barred Mastercard Inc. from issuing new cards in India after it found the US-based payments major was storing customers’ data on servers located outside the country and also failing to erase from overseas servers the Indian leg of the transactions data within 24 hours as mandated, three sources aware of the matter told ET.
The card network may also have been non-compliant with Indian central bank’s requirement to appoint a domestic auditor certified by the country’s nodal cybersecurity agency—Indian Computer Emergency Response Team (CERT-in)—to conduct its external compliance audit, the sources added.
“Some part of the transaction data is being kept in India, but a significant part of information related to transaction processing and fraud checks is going out of the geography. Effectively, it is a dual record maintenance and that is what the regulator is not okay with,” a senior bank official aware of the matter told ET.
In response to an ET query, Mastercard said it is continuously engaging with the regulator including submitting system audit reports on a regular basis and hopes for an early resolution on the matter.
“When RBI required us to provide additional clarifications about our data localisation framework in April 2021, we engaged our government-empanelled audit firm to address those points,” Mastercard said. “That report was slightly delayed and submitted to the RBI on July 20, 2021. We are hopeful that this latest filing provides the assurances and insights required to address their concerns and move toward a resolution on the matter.”
RBI did not respond. In a media statement last week, Mastercard had said it was “disappointed” with RBI’s stance and was “fully committed to legal and regulatory obligations” in India.
The central bank last week
imposed regulatory restrictions on Mastercard from onboarding new domestic debit, credit, or prepaid customers on its card network in India from July 22. The regulator’s supervisory action was citing “non-compliance with directions on Payment System Data”. To be sure, these restrictions are only on Mastercard’s new cards and not the existing ones held by customers.
As per this rule, all foreign payment operators storing card and customer related data must do so in servers physically present in India. RBI introduced the rule through a circular issued in April 2018. As per RBI’s rules, foreign payment processors can transfer card storage data abroad for smoothing flow provided this data is deleted within 24 hours.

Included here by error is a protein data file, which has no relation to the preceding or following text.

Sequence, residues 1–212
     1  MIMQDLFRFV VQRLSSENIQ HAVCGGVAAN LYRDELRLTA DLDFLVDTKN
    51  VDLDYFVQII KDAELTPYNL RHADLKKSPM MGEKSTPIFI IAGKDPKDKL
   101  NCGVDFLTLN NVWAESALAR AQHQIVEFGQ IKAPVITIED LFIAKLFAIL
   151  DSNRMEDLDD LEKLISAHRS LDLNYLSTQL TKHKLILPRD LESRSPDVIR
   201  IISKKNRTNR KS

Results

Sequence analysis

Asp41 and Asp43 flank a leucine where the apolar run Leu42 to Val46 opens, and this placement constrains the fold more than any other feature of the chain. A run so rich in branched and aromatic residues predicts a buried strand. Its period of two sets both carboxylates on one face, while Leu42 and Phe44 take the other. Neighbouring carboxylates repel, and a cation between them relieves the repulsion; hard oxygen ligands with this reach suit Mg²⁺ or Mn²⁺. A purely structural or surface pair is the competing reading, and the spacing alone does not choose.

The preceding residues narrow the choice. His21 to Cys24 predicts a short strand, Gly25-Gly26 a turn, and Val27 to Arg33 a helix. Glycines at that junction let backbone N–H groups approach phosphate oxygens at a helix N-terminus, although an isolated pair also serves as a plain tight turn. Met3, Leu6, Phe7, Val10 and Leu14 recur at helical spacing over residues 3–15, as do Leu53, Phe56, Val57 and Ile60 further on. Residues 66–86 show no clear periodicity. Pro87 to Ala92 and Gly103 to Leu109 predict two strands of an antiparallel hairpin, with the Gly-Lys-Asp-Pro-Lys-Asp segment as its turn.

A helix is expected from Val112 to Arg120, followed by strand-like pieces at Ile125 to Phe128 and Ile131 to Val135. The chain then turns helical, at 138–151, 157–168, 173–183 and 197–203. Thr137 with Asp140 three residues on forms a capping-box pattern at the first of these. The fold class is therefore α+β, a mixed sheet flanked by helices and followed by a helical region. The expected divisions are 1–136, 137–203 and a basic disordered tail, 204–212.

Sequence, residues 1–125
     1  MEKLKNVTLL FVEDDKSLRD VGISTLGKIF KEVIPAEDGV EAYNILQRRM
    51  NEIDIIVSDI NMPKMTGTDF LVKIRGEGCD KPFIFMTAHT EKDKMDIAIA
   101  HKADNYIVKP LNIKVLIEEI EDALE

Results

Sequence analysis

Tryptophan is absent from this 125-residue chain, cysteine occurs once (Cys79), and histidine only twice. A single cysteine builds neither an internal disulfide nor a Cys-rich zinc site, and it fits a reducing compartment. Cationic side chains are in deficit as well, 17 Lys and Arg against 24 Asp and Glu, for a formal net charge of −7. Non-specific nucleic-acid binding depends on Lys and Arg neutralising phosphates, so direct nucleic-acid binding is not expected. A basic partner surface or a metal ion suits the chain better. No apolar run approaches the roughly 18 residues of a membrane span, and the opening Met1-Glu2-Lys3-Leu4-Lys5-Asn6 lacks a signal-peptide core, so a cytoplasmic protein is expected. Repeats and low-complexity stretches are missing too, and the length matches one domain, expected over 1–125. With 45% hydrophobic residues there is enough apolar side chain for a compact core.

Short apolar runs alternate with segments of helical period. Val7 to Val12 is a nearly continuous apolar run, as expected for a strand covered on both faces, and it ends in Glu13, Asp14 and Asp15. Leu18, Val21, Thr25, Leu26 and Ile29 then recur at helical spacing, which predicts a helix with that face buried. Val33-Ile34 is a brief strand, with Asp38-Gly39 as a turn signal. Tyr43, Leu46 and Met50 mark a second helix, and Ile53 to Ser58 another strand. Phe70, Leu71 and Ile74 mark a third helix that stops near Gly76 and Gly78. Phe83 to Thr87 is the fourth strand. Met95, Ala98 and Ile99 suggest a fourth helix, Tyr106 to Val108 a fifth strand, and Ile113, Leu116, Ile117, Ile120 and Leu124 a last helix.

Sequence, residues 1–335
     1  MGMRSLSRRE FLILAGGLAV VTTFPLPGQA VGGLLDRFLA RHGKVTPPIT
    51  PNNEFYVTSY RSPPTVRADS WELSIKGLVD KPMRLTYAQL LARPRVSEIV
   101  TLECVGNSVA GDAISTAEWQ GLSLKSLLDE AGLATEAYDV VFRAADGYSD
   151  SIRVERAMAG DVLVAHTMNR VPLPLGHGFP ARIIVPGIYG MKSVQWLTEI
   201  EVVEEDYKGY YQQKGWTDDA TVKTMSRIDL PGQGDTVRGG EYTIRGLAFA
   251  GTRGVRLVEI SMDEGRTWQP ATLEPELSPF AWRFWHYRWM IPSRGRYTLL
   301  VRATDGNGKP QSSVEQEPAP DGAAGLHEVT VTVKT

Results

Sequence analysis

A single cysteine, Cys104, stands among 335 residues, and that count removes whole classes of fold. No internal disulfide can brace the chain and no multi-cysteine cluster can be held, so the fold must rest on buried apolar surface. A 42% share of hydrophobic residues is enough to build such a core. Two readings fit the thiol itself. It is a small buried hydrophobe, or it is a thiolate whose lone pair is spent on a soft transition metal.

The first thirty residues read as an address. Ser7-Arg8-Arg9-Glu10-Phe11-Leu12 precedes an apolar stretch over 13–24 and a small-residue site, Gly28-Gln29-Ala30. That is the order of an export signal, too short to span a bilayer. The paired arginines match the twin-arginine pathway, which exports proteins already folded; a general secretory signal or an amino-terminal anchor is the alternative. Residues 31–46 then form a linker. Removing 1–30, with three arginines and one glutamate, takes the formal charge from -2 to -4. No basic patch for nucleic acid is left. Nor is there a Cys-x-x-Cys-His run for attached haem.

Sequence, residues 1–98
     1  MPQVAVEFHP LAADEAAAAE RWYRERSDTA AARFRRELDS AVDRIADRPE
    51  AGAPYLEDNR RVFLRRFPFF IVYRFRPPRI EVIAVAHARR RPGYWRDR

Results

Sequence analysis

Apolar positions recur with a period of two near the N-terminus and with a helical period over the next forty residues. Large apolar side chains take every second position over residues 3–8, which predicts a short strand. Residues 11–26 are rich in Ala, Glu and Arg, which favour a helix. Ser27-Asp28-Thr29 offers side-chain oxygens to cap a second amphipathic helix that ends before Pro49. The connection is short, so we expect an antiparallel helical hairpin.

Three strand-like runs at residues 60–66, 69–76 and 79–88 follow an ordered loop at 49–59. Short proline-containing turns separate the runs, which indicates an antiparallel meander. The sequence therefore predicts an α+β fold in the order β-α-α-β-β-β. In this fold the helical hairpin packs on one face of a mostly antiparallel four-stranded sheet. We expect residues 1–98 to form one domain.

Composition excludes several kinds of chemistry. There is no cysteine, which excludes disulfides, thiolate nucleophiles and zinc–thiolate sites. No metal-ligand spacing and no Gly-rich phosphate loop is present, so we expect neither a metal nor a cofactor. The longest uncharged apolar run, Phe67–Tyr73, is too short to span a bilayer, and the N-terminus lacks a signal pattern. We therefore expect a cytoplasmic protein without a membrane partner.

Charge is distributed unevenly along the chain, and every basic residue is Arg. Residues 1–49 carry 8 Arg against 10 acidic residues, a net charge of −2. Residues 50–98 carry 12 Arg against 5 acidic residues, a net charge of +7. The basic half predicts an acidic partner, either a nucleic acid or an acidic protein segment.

“Inability of Mastercard to store payments data in India is what was flagged by RBI,” a person aware of the matter said. “Typically, for companies like Mastercard, there are robust fraud risk engines which collate data from various switches across the world to prevent cross jurisdiction cloning or phishing attacks,” the person said, adding that Mastercard’s insistence on storing this data abroad is what got it on the wrong side of the Indian regulations.
According to the person, Mastercard wanted the external audit to be performed by its overseas auditor appointed by the global unit. These terms were not agreed by the RBI, which invited the curbs, the person added.
“A certain part of the data on transactions processed has been moved to India and Mastercard is using that as a defence, but the RBI wants end-to-end stored locally in the country,” a third source, who is a payments industry executive, said.
“For their own internal fraud checks Mastercard is sending a copy to their international servers to weed out malicious transactions,” the person added.
Mastercard is registered as a Payment System Operator (PSO) authorised to operate a card network in the country under the PSS Act. Other leading card networks in India include US-based Visa and National Payments Corp of India’s RuPay. India has a total of 62.3 million credit cards and 902.3 million debit cards in circulation.
The Indian central bank had tightened data storage norms for PSOs in India through a notice issued to chief executives of all such licensed companies in India. ET has a copy of the notice.
As per the rules introduced in March, all PSOs from FY22 were mandated to submit detailed “compliance certificates” to the central bank twice a year, signed by the respective chief executives or managing director, confirming adherence to all RBI regulations around security and storage of payment data.
These requirements are over and above the ones mandated by the central bank in April of 2018 where it asked all PSOs to submit board-approved annual System Audit Report (SAR) by CERT-empanelled auditors.
These companies were also asked to submit a one-time compliance report with data localisation norms which mandate the data relating to payments in India will be stored in a server physically present in the country by December of 2018.
RBI’s Mastercard ban likely to create monopoly in credit card market in India
RBI had asked these certificates to be submitted on April 30 and October 31 of every year. The central bank’s decision to tighten data storage norms, earlier this year, also attracted curbs on US-based American Express and Diners Club for non-compliance with the same rule.
Decoded: How RBI’s latest ban on Mastercard affects you
As per industry sources, Visa and Mastercard together process a significant chunk—over 70%—of India’s credit cards. For debit card issuances, NPCI’s RuPay is said to be the largest card issuer. RBI does not disclose the breakup.